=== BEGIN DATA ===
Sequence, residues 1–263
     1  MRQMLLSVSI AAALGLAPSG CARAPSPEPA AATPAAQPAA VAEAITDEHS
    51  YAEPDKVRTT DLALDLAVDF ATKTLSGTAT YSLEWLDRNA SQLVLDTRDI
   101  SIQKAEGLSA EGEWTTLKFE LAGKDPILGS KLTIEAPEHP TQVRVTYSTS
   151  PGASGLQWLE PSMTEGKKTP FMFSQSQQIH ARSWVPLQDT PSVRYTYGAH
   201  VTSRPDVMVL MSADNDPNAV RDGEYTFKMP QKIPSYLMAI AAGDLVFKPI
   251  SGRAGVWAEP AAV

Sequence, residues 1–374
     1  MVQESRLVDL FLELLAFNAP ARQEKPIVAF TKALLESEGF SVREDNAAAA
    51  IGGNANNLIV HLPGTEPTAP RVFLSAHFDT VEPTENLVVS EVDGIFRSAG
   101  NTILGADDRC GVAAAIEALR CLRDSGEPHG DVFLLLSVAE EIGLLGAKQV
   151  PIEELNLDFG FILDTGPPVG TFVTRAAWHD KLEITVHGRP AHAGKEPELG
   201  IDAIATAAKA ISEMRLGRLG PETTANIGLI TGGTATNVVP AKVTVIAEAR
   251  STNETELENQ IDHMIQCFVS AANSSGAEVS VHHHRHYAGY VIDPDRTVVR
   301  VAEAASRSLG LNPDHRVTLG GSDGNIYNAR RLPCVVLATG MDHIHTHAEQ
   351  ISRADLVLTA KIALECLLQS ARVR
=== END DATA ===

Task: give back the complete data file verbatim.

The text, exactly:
Sequence, residues 1–263
     1  MRQMLLSVSI AAALGLAPSG CARAPSPEPA AATPAAQPAA VAEAITDEHS
    51  YAEPDKVRTT DLALDLAVDF ATKTLSGTAT YSLEWLDRNA SQLVLDTRDI
   101  SIQKAEGLSA EGEWTTLKFE LAGKDPILGS KLTIEAPEHP TQVRVTYSTS
   151  PGASGLQWLE PSMTEGKKTP FMFSQSQQIH ARSWVPLQDT PSVRYTYGAH
   201  VTSRPDVMVL MSADNDPNAV RDGEYTFKMP QKIPSYLMAI AAGDLVFKPI
   251  SGRAGVWAEP AAV

Sequence, residues 1–374
     1  MVQESRLVDL FLELLAFNAP ARQEKPIVAF TKALLESEGF SVREDNAAAA
    51  IGGNANNLIV HLPGTEPTAP RVFLSAHFDT VEPTENLVVS EVDGIFRSAG
   101  NTILGADDRC GVAAAIEALR CLRDSGEPHG DVFLLLSVAE EIGLLGAKQV
   151  PIEELNLDFG FILDTGPPVG TFVTRAAWHD KLEITVHGRP AHAGKEPELG
   201  IDAIATAAKA ISEMRLGRLG PETTANIGLI TGGTATNVVP AKVTVIAEAR
   251  STNETELENQ IDHMIQCFVS AANSSGAEVS VHHHRHYAGY VIDPDRTVVR
   301  VAEAASRSLG LNPDHRVTLG GSDGNIYNAR RLPCVVLATG MDHIHTHAEQ
   351  ISRADLVLTA KIALECLLQS ARVR